A SYN filtering strategy works extremely well for TCP. The only change we advocate to protocol designers and implementors is that TCP-based protocols should never require applications to open a back-channel connection. The problem here is obvious: a request-response filter allows a SYN packet to go out through the firewall but drops the SYN packet by which the external host requests a back-channel. Although a TCP connection originating from outside the firewall might be an application-level ``response'' to an FTP or rsh request originating within the firewall, a stateless packet filter has no way of knowing this.
Protocols like FTP and rsh use back-channels to create an additional connection over which an application can send a data stream that is, at the application level, asynchronous or conceptually separate from the ``main'' application connection. FTP uses a back-channel to separate command and data streams; rsh does it to separate UNIX stdout and stderr. Where a service requires additional TCP connections to implement the desired application semantics, we see no reason why those additional connections must be opened by the server. The same effect can be obtained by having the server bind a local socket, find the local port number, send that port number in an application-level message to the client, and start a passive TCP open. The client then initiates an active open to the specified port on the server which is waiting for the client machine to connect. The result is functionally identical to having the server establish a channel to the client but without requiring a SYN packet from the server through the firewall.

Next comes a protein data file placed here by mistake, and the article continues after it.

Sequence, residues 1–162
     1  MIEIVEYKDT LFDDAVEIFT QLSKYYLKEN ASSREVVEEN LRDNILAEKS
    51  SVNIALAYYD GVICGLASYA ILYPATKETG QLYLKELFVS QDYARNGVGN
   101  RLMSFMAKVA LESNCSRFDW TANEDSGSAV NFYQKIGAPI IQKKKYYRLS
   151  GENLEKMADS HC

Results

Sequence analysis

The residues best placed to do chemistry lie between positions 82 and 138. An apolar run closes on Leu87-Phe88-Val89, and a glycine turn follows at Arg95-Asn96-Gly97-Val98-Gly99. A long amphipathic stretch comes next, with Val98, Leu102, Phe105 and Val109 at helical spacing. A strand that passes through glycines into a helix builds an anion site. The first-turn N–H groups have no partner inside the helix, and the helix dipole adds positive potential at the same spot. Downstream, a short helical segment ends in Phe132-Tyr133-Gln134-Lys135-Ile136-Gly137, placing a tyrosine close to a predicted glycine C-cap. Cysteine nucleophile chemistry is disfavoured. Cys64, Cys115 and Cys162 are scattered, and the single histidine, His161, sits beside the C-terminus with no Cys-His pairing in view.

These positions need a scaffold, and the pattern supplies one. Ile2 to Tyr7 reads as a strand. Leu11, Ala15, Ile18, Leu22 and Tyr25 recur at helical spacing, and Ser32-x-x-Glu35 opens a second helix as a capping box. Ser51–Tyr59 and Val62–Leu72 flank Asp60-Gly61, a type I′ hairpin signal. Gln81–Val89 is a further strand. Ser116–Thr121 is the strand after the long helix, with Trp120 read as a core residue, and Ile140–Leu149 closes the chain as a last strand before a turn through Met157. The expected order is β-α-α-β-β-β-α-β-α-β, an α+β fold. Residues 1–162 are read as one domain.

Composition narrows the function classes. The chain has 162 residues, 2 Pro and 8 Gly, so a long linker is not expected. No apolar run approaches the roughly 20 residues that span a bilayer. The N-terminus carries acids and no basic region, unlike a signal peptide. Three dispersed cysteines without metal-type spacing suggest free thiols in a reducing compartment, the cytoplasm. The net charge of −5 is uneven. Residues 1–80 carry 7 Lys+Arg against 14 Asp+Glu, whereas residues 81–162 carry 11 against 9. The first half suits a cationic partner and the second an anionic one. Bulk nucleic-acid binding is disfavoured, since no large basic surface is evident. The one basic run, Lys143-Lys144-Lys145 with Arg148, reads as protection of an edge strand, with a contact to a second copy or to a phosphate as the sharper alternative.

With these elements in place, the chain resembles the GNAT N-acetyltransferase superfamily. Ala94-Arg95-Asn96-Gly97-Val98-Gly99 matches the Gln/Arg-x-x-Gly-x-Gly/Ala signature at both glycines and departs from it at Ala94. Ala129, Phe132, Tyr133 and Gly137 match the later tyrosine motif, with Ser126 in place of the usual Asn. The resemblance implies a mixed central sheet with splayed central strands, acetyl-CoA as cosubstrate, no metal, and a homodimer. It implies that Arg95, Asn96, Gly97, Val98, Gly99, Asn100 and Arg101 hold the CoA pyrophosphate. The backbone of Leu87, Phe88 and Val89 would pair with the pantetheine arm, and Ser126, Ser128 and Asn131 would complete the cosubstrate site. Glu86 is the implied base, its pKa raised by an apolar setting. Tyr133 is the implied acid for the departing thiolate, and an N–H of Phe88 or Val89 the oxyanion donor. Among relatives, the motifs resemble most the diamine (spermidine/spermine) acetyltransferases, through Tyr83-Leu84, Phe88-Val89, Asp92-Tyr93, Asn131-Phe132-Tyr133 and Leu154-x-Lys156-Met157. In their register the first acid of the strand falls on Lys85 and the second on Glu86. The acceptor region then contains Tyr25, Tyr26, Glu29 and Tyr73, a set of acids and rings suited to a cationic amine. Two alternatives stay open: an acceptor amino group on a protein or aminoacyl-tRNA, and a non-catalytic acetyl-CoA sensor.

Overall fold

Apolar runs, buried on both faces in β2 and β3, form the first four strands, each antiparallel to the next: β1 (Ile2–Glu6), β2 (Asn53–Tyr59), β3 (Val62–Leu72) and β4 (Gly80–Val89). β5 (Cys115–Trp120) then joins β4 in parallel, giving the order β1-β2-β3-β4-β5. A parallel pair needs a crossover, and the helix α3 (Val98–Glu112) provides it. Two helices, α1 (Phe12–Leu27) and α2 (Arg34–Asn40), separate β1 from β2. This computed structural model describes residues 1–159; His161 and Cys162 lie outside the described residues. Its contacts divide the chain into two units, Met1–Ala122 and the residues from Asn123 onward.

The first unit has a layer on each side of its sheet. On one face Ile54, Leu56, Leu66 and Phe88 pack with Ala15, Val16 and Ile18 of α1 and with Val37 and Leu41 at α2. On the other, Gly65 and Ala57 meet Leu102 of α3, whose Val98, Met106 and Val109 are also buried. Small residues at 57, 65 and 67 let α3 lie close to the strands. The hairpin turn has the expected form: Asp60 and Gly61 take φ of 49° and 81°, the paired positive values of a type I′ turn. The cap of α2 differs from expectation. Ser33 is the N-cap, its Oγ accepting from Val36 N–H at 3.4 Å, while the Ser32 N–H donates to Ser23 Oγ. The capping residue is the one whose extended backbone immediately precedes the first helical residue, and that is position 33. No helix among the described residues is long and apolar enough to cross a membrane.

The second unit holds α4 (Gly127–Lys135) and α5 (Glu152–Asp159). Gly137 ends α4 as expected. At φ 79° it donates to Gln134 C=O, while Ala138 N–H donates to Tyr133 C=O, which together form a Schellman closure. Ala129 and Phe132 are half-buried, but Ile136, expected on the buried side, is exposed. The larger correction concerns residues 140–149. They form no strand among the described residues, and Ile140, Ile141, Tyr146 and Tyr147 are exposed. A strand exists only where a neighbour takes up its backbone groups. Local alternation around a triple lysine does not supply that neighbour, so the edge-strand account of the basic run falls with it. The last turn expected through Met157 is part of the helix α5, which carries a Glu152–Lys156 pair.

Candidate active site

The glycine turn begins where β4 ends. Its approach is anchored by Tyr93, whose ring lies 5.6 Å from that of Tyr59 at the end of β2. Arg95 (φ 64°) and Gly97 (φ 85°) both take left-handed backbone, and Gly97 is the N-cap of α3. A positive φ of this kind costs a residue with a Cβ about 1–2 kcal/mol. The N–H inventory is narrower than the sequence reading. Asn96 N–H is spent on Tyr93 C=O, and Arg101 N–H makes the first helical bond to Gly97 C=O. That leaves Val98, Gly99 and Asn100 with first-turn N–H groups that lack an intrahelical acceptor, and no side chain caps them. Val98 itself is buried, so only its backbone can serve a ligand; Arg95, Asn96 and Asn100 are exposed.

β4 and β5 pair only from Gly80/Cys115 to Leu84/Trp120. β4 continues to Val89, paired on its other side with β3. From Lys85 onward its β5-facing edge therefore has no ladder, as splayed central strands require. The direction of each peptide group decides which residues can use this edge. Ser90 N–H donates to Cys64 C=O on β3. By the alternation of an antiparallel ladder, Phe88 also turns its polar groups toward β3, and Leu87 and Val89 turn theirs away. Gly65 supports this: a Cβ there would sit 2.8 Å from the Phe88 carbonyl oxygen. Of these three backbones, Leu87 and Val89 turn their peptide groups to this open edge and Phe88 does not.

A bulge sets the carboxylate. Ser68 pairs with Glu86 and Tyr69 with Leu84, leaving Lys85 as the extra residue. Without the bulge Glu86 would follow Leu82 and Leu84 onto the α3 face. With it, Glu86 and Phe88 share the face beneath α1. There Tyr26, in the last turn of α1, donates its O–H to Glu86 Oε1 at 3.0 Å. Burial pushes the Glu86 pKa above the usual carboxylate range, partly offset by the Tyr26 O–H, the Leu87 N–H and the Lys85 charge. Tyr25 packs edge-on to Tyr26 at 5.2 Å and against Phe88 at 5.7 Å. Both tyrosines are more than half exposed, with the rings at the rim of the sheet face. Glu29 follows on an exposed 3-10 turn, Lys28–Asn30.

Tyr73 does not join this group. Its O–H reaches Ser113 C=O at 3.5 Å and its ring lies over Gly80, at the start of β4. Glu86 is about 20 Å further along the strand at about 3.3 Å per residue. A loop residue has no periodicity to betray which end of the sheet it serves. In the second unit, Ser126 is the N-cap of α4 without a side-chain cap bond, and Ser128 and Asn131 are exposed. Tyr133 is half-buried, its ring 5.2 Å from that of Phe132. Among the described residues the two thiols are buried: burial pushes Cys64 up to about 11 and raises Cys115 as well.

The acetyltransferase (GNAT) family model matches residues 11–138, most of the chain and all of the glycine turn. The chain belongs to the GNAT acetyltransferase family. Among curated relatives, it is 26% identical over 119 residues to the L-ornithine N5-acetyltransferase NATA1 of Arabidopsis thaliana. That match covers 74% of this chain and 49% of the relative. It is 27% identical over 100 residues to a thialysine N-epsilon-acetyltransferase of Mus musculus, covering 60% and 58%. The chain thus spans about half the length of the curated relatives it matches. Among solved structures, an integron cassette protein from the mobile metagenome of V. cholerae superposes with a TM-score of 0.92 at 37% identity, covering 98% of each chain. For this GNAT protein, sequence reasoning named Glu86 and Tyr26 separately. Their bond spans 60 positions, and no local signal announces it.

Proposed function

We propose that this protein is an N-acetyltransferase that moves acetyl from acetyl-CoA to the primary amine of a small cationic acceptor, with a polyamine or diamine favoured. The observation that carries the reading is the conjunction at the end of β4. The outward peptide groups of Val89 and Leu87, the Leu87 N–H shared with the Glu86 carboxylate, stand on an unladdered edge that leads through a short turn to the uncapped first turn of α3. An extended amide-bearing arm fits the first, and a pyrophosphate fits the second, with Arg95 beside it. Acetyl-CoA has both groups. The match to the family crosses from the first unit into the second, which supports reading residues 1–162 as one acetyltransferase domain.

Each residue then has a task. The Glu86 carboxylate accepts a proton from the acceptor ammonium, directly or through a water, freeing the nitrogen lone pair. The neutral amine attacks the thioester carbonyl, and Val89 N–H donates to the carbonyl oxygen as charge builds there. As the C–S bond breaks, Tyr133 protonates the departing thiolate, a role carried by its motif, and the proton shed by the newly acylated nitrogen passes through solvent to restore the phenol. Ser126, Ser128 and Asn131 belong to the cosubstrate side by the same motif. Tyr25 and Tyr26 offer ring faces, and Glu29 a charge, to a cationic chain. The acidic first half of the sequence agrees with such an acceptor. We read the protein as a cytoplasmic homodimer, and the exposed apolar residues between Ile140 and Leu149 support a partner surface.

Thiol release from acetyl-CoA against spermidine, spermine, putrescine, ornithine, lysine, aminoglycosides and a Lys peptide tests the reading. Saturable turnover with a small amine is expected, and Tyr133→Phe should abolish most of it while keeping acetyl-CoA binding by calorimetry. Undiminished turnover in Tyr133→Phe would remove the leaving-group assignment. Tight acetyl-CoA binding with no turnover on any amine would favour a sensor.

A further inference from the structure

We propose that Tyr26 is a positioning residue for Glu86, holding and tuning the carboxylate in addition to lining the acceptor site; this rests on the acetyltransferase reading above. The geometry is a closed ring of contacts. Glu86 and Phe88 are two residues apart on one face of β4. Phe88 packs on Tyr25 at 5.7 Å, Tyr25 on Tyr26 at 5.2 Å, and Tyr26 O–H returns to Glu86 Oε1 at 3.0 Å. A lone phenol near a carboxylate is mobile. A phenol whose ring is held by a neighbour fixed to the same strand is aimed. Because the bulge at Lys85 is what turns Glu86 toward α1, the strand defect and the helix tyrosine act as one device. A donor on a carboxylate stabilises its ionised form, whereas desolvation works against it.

However, replacing TCP back-channels with active connections is not an adequate solution for X, where the roles of client and server are reversed. There is no channel between the X server and any external process over which external clients can bootstrap connections. Addressing this version of the back-channel problem without using an application-level gateway would therefore require far-reaching changes to the X window protocol and is an area for future research.